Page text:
As one can get a vast variety of mustards beyond the “standard” yellow goop suitable for anointing hot dogs at ball parks today, one could alter the homemade varieties to suit one’s taste or available ingredients. The prescription above is in fact four recipes, depending on whether one uses the vinegar, wine or water as a liquifying agent, and on whether the horseradish is used or omitted.
1/2 c. drawn (clarified) butter
1/2 c. minced parsley
Draw the butter; boil the parsley three minutes; take it out and lay in cold water five minutes, to cool; chop and stir into the butter; squeeze in the lemon-juice, the pepper and salt; beat hard with an egg-whip, return to the fire, and boil up once. This is a “stock” sauce, being suitable for so many dishes, roast or boiled.
From Common Sense in the Household by Marion Harland, New York, 1871
Comment: Few of the sauces we commonly take for granted today– tartar, barbeque, even ketchup and mustard–were available prepackaged and bottled in stores. (The notable exception being Worcestershire, which the Lea & Perrins company has had in commercial production since 1837!) and so had to be produced at home if one aspired to a fancy or impress-the-boss sort of meal. “Maitre d’Hotel Sauce” is probably the simplest of the lot.
1 oz. dry mustard
3 tbs. milk or cream
1/2 tsp. salt
1/2 tsp. sugar
Mix very gradually, and rub together in a mortar, an ounce of flour of mustard, with three table-spoonfuls of milk (cream is better), half a tea-spoonful of salt, and the same of sugar; rub them well together until quite smooth.
Obs. Mustard made in this manner is not at all bitter, and is therefore instantly ready for the table.
N.B. It has been said that flour of mustard is sometimes adulterated with common flour, &c. &c.
From The Cook’s Oracle by William Kitchiner, MD, New York, 1829
Comment: “Flour of mustard” is simply finely-ground mustard seed, sold today as “dry mustard.” As might be expected of the days before the development of mechanical grinding mills for such things, the process had to be done by hand with a mortar and pestle, explaining the motives for dishonest vendors to step on the resulting powder with cheaper stuff. Pure food laws lay far in the future as Dr. Kitchiner wrote.
“Made mustard” as we know it today was just starting to come on the market in the 19th century. Makers competed as much to find distinctive bottles to make their wares stand out on store shelves, as they did over the recipe for the contents. A thriving subculture of mustard-bottle collectors similarly competes today to preserve these unique items from the ravages of time.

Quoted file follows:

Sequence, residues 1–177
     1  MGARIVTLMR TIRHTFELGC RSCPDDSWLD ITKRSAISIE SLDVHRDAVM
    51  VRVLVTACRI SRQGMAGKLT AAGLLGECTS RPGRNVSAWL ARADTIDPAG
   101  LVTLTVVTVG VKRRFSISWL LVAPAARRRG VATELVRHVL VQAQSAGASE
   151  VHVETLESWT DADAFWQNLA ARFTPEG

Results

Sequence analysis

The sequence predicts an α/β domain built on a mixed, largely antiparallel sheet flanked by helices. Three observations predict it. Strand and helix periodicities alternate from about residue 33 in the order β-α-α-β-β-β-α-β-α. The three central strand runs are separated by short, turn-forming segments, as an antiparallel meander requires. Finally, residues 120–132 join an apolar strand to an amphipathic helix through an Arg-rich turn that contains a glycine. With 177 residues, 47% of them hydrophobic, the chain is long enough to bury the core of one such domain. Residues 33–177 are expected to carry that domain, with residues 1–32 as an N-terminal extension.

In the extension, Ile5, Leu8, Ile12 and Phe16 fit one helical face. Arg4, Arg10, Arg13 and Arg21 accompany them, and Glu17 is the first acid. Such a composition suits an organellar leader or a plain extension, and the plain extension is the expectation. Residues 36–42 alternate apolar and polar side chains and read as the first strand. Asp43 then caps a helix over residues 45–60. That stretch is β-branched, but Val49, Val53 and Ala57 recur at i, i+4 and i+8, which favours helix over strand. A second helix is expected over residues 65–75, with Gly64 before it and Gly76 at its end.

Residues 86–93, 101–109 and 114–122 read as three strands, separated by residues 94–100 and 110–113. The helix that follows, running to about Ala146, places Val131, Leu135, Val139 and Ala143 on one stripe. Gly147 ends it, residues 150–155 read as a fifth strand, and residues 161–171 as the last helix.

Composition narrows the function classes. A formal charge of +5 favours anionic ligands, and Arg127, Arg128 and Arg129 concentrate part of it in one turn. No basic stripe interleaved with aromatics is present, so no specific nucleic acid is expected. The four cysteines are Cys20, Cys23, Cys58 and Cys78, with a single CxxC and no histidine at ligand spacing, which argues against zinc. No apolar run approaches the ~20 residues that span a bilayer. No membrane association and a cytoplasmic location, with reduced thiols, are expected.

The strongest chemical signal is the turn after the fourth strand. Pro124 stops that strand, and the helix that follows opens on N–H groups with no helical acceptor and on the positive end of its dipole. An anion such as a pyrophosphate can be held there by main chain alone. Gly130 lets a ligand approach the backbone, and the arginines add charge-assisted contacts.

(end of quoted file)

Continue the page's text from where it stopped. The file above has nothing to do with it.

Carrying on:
1 roast (beef, ham or poultry)
1/2 pint flour
1/2 pint water
Salt as desired
Most people put a half a pint of flour and water into their tin-kitchen, when they set meat down to roast. This does very well; but gravy is better flavored, and looks darker, to shake flour and salt upon the meat; let it brown thoroughly, put flour and salt on again, and then baste the meat with about half a pint of hot water (or more, according to the [amount of] gravy you want.) When the meat is about done, pour these drippings into a skillet, and let it boil. If it is not thick enough, shake in a little flour; but be sure to let it boil, and be well stirred, after the flour is in. If you fear it will be too greasy, take off a cupful of the fat before you boil. The fat of beef, pork, turkeys and geese is as good for shortening as lard. Salt gravy to your taste. If you are very particular about dark gravies, keep your dredging-box full of scorched flour for that purpose.
From The American Frugal Housewife by Mrs. [Lydia] Child, 1833
Comment: “Scorched flour” does not sound like a very attractive item, but under its more common name of browned flour is well regarded even today for gravy-making. It is made by simply putting common flour–either white or whole wheat–into a dry frying pan and cooking it over low to medium heat, stirring continually, until it looks cooked. (White flour will become brown, and since whole wheat is browner to begin with it will simply become more so.) More important than the greater darkness of the resulting gravy is the fact that the scorching process cooks the flour in advance of its actual addition to the sauce. Many failures in gravy-making can be traced to the flour or other thickening agent being insufficiently cooked in the pan, resulting in a pasty consistency and unpleasant taste.